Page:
Kristen Allen, Patient Communications Specialist
I recently ordered some photos online, and after they were delivered received this email:
HOW DID WE DO?
I’ve been thinking a lot about this email because:
I paid attention to it, and
I took action. I almost never respond to survey requests, but I did to this one. They made it so easy
The takeaway: Simple is better.
Recently, there was a health crisis in my family. I needed information. And—even though I’m trained as a research physiologist and have worked in healthcare communications for the past 20 years—it was incredibly difficult to find what I needed. Something relevant. Unbiased. Accessible. Easy to understand. That shouldn’t be too much to ask.
The takeaway: What patients need generally isn’t out there (or isn’t findable).
There’s a lot of terrible writing these days for patients. And by terrible I mean:
Inaccessible/hard to find
As a writer working in this arena, I can’t fix everything. But I can make things better, one project at a time. To that end, my goals are two-fold:
First and foremost, to help the company I’m working with achieve their objectives, and
To produce something of value to the patient
“Hold on,” some might say. “Those things are mutually exclusive.”
Well, I disagree. If the company you work with is providing, for example, a drug, device, or diagnostic test of value (and let’s assume that it is), you can—and absolutely should—attain both goals.
Some strategies to achieve that include:
Keep it simple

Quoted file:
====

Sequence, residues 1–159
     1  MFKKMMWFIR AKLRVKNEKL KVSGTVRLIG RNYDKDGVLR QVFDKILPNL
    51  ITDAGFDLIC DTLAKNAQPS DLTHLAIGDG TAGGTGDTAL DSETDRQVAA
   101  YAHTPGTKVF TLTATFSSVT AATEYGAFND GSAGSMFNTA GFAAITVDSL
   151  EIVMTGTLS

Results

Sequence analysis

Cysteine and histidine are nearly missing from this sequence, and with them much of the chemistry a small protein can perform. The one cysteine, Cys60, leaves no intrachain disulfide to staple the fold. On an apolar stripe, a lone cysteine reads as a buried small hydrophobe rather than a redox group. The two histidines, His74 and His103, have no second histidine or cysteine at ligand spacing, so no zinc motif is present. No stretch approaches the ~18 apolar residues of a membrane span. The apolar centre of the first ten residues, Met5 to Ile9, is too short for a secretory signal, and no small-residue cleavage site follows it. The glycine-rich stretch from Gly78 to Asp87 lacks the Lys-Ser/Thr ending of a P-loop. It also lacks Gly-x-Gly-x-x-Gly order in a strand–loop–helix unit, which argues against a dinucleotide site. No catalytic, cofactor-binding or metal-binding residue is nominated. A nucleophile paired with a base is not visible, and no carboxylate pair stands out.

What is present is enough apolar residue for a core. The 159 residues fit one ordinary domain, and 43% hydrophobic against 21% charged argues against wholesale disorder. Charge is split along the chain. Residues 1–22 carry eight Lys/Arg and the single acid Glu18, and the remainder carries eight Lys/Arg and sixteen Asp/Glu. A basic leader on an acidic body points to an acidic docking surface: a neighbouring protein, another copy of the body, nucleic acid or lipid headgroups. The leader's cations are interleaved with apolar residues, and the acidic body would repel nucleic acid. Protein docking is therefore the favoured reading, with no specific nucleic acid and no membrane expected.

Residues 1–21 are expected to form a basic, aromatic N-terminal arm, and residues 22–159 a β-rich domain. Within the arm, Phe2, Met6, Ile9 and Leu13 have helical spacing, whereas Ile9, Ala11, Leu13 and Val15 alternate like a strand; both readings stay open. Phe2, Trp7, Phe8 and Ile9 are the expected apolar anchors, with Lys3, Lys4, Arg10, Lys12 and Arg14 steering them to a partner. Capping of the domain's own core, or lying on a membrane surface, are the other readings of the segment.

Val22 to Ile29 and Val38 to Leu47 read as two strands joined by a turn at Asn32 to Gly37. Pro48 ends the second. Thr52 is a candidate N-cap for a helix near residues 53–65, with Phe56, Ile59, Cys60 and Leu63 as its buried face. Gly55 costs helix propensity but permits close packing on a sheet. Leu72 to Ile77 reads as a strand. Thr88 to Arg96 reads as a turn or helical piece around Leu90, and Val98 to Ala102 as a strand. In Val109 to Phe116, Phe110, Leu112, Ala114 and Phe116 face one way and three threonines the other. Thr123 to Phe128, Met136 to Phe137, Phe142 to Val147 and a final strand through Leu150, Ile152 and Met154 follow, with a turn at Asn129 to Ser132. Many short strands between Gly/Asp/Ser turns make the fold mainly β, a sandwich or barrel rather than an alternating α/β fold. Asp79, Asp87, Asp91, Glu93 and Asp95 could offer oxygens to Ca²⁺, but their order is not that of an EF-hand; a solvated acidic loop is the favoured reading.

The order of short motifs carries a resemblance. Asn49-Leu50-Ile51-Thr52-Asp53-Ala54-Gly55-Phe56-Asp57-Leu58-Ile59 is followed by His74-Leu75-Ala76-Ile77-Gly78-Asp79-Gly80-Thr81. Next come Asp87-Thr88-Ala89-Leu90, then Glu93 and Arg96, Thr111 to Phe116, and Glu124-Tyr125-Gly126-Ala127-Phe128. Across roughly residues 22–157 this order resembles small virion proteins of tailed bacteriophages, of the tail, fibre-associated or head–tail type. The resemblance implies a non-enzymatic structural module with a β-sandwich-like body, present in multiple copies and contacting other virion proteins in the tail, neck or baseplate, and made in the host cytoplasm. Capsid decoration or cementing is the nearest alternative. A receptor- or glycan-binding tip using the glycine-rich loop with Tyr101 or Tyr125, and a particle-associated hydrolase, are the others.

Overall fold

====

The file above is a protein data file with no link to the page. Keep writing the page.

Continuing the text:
Short. Concise. To the point. In easy-to-understand language. Especially if it’s going online. Not only is the average person unfamiliar with medical/scientific terminology and reading at a grade school level, they’re also likely to be accessing the information in a time of great stress and probably not thinking very clearly.
Make it relevant
Gone are the days when it makes sense to write something purporting to be educational but really a thinly veiled ad for a product. We’re assuming the product is of value. Give it to the patient straight, and let them come to that conclusion organically
Make it comprehensive
Patients need information about their disease. Big picture information. Early on. The company that gets that to them generates incalculable trust and goodwill.
Get it in the hands of the patient
This has to be part of the plan. What good are amazing patient materials if no one ever sees them? Research shows that patients most want information to come from their doctors. And the more valuable (simple, relevant, comprehensive) you make these materials, the more likely doctors are to disseminate them.
The takeaway: The right approach and mindset are needed, but we can help patients—and our brands—by producing materials that deliver value to both.